Sunday , March 24 2019

Natural vs. Chemical Cleaners – Which are Better for What

Maintaining a clean home is a must, especially if you have little children, and anyone who has used chlorine bleach to get rid of germs from a cutting board, a countertop, or anywhere else, probably knows that the use of harsh cleaners can leave you literally gasping for breath. They are that harsh that can singe your nose hairs. I know, crazy… This is maybe one of the many reasons why more and more people decide to rely on the all-natural cleansers like lemon, vinegar, and baking soda. However, food-safety experts are sticking closely to the idea that cleaning chemicals and disinfectants should be the only products you use as disinfectant solutions against mildew stains and foodborne illnesses.

Chlorine Bleach

These days, the most commonly used types of cleaning chemicals and disinfectants are the ones that contain chlorine bleach. In fact, bleach is their main ingredient for a good reason – it can kill bacteria, viruses, mould, fungus, microorganisms like E. coli etc. Simply put, it is the most effective chemical disinfectant used for both household and commercial purposes. In fact, chlorine bleach is the only household cleaning product regulated by the U.S. Environmental Protection Agency (EPA), which means that it’s been tested whether it can kill microorganisms, such as the Escherichia Coli. Since it is an extremely strong disinfectant, it takes just a small amount to have a perfectly clean area; the usual recipe is 1 part bleach to 4 parts water.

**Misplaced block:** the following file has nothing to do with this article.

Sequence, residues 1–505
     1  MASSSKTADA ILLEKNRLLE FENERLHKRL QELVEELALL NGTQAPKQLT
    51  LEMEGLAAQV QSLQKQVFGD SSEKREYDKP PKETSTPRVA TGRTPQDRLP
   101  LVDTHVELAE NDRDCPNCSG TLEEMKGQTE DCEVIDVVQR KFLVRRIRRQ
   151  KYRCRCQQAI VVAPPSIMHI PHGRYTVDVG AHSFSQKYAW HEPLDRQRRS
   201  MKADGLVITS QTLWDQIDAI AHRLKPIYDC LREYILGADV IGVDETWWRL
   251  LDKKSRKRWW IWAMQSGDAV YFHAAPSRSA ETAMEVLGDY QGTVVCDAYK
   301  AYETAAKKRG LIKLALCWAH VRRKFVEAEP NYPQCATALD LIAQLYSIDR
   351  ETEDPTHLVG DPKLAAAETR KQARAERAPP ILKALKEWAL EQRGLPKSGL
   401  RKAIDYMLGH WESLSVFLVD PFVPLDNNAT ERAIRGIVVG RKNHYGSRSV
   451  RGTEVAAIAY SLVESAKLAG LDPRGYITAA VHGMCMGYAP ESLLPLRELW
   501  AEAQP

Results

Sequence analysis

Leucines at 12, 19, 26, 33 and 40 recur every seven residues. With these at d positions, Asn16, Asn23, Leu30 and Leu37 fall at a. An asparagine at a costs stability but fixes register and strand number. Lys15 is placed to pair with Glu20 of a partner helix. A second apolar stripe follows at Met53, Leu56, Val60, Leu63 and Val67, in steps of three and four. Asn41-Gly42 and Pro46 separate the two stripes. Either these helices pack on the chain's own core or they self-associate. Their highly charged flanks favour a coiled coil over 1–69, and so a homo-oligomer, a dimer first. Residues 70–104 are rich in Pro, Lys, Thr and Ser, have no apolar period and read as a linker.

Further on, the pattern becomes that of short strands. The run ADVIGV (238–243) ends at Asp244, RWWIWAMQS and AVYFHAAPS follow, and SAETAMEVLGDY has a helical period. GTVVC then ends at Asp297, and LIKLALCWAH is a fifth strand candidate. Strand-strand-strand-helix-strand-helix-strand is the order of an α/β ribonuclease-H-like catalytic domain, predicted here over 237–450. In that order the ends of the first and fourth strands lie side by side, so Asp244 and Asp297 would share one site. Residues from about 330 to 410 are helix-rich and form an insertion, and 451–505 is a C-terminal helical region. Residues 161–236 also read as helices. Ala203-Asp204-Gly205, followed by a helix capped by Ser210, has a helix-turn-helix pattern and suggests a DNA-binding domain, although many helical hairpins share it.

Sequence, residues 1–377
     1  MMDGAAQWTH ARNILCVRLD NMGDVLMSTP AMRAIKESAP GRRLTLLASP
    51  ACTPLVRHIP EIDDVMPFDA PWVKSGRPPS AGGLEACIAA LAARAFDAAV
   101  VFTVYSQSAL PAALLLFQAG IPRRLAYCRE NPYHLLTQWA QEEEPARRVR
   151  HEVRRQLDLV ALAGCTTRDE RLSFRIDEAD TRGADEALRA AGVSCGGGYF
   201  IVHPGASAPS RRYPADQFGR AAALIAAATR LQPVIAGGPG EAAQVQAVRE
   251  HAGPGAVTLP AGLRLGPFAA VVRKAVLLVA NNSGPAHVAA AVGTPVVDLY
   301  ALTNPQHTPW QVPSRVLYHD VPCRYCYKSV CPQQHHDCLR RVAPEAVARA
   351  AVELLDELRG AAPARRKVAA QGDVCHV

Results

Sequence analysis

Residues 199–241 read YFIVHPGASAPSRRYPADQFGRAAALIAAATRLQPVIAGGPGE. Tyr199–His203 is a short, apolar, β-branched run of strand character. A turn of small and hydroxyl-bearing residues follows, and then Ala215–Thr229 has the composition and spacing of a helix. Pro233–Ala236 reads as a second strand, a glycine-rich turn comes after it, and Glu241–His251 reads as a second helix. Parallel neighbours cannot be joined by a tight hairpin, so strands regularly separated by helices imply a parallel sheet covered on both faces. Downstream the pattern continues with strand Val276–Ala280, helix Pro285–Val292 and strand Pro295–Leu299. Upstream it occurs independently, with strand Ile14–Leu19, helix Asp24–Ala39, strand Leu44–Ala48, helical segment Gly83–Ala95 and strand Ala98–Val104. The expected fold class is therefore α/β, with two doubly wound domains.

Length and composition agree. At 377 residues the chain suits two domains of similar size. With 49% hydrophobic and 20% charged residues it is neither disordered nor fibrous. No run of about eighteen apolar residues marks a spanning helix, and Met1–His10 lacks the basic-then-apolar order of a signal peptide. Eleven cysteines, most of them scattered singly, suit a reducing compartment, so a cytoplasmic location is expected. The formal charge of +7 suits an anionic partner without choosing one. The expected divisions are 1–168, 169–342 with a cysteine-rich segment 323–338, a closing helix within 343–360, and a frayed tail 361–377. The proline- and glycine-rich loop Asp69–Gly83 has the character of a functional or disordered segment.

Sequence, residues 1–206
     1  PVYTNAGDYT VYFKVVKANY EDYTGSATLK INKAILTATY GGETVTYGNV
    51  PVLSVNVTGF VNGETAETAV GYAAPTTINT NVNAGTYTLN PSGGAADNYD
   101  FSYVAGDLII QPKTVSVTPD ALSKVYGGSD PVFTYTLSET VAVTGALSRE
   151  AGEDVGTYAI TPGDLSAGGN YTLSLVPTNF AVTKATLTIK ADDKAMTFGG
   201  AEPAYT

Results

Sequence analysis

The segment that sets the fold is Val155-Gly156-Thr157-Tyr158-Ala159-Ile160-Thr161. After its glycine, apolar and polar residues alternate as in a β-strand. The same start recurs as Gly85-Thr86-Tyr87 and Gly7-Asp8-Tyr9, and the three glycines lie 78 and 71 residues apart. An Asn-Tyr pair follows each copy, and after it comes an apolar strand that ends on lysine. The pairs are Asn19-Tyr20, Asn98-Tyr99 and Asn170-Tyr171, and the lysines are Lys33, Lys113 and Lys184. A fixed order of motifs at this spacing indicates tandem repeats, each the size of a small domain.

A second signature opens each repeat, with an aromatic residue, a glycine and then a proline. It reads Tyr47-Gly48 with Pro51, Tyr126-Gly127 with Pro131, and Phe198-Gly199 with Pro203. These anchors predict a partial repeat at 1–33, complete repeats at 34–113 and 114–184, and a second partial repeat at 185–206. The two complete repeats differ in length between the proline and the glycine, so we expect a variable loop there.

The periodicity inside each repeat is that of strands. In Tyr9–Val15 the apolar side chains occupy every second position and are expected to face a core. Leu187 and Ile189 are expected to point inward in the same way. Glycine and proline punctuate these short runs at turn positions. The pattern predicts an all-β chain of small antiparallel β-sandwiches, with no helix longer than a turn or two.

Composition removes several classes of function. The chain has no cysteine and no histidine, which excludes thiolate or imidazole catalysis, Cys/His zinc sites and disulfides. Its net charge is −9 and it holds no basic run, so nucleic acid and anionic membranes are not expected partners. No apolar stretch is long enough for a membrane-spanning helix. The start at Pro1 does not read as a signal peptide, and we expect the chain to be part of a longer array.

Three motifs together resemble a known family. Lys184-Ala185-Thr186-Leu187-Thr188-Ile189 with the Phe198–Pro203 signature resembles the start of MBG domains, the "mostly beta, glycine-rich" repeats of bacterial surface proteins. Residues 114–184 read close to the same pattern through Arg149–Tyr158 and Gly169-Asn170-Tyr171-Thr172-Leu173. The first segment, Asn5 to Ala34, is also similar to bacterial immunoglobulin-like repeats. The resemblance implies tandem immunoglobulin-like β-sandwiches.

vinegar

Vinegar

A safer alternative to chlorine bleach is white vinegar. White vinegar is a highly effective natural cleaner that can kill nearly all household germs, bacteria, and mould. It spreads no harmful fumes, and leaves no residue like in the case with chlorine bleach. Since white vinegar is biodegradable, you can use it for cleaning your home even if you have little children. The most simple and most commonly used white vinegar cleaning solution is 1:1 ratio of water to vinegar. If you want to add a pleasant smell to it, you can add several drops of your favourite essential oil (whichever you choose is fine).

So here comes the question, what’s better? No matter how much we love natural cleaners – vinegar, in particular, it has been proved that white vinegar cannot kill some dangerous types of bacteria. All this leads to one conclusion, sometimes the use of harsh cleaning chemicals and disinfectants is inevitable, especially when it comes to commercial facilities. Thus, the type of cleanser you use should depend on the type of surface you clean, and the level of the surface’s contamination as well.

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